Page last updated at 08:01 GMT, Wednesday, 13 May 2009 09:01 UK

Heady cocktail for county voters

County council elections
John Hess
Political Editor, East Midlands

County Hall Matlock
Voters will decide who takes a seat at County Hall

Derbyshire is one of four county councils in England still controlled by Labour.

It is more than 28 years since the Conservatives had control at County Hall.

Labour has benefited since 1993 from having the county council elections on the same day the general election.

In 2005, Labour retained control with 38 seats while the Conservatives secured 15 and the Liberal Democrats had 10.

A swing of 5% to the Tories would be enough for Labour to lose its overall majority, according to recent research from Colin Rallings and Michael Thrasher of the University of Plymouth.

It would take a swing of 12% for the Tories to take control at County Hall in Matlock.

Victory for the Conservatives would be a huge triumph for David Cameron and would probably exceed his expectations.

One reason for Tory caution is a recent council by-election in the Long Eaton area of the Erewash district.

Campaign issues

This is classic Midlands marginals territory but just days after the Chancellor's budget, and against all the trends in the opinion polls, Labour won the seat from the Tories with a comfortable majority. The Liberal Democrats were third and the BNP were last.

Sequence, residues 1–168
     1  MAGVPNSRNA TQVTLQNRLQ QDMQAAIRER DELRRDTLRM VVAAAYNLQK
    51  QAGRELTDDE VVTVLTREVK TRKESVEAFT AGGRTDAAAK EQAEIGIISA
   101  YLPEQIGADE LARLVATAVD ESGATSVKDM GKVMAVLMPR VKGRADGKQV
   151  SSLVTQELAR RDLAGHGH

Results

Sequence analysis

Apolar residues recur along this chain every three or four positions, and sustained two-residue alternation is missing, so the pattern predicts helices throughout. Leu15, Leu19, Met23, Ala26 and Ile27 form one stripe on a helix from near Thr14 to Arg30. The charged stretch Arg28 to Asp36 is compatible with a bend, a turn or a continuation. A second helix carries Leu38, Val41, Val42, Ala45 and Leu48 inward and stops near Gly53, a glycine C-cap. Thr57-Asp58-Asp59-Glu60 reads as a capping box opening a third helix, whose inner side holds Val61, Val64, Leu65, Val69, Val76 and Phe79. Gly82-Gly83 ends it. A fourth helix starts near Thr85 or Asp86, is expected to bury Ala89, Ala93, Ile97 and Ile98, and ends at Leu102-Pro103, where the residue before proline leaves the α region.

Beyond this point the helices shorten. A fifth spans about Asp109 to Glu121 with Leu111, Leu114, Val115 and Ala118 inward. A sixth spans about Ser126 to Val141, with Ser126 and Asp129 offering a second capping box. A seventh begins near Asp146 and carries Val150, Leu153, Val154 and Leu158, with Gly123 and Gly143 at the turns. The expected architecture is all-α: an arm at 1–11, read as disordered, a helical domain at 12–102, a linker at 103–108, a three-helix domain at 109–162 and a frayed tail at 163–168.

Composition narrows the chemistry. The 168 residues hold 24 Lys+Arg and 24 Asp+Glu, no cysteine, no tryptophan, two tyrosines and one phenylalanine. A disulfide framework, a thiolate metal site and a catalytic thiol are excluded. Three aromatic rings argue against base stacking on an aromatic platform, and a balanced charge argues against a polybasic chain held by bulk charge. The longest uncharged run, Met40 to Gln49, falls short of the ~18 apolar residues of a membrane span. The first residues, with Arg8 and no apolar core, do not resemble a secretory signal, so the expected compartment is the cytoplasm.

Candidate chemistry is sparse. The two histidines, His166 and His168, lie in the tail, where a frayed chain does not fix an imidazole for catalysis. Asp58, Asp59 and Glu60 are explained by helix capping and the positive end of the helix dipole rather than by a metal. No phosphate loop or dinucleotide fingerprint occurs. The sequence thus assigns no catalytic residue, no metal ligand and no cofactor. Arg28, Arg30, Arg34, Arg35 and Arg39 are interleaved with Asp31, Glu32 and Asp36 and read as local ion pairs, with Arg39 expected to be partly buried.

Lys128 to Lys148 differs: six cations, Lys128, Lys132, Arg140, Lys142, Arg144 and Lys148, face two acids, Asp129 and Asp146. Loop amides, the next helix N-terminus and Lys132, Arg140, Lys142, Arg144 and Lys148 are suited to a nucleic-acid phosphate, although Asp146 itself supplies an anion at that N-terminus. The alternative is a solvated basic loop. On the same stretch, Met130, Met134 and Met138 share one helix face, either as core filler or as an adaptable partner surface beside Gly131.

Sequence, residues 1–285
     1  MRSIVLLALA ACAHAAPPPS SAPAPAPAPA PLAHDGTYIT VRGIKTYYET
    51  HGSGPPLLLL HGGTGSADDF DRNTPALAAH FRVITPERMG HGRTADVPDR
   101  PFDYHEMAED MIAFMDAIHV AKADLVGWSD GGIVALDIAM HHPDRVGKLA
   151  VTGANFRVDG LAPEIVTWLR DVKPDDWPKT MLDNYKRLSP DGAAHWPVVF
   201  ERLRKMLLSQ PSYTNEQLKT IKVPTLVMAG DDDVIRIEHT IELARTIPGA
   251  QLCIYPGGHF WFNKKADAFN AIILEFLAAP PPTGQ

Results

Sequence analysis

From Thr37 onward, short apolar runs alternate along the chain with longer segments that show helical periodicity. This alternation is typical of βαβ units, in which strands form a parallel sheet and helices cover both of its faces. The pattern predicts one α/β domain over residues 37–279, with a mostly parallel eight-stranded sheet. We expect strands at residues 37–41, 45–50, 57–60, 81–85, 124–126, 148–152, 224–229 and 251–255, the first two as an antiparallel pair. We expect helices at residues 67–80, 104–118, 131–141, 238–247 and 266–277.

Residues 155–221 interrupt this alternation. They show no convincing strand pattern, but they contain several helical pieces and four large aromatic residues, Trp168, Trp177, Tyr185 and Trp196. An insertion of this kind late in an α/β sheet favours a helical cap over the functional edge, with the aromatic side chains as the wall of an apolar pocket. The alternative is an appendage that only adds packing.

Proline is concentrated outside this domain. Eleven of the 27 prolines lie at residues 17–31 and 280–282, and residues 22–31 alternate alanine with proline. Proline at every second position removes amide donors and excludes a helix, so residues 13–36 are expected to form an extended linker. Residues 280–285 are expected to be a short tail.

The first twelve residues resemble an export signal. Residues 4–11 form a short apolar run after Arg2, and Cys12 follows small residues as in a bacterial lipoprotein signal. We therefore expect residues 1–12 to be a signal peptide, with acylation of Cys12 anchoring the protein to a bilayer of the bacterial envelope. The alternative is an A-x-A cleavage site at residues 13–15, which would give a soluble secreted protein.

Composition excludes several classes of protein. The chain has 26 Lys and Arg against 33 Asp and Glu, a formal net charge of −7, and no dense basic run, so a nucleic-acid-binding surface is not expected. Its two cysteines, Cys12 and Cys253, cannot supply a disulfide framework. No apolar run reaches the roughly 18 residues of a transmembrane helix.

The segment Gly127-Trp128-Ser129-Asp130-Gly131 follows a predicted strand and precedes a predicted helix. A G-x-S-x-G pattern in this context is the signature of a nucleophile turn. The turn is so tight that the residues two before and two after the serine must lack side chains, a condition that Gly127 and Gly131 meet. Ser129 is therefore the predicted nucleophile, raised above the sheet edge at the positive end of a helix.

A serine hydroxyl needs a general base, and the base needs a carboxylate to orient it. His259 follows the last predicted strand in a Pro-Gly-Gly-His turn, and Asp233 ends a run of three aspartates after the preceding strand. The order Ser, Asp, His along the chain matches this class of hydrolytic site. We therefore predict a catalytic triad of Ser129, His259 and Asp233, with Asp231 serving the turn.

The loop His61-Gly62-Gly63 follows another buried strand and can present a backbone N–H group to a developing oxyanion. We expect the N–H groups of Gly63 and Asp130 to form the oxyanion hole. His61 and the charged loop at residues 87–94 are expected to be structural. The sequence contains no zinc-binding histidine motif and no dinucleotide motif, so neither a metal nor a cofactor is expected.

The Conservatives in Derbyshire and its youthful leader, Andrew Lewer, are pitching hard in this election that "it's time for change".

And there is an issue in this campaign where Labour may be on the back foot.

Police funding in Derbyshire has been a long running sore. But the issue came to the surface when the government capped a rise of 8.68% that was proposed by the police authority, for its share of the council tax .

The Local Government minister John Healey has pegged the increase back to 5%.

That, in turn, has raised the political temperature with warnings of big budget cuts and a loss of between 50 to 60 police officers.

Law and order concerns wrapped up in council tax could be a heady political cocktail.

All 64 seats on Derbyshire County Council are open to candidates. Nominations close on 7 May and voters go to the polls on 4 June.



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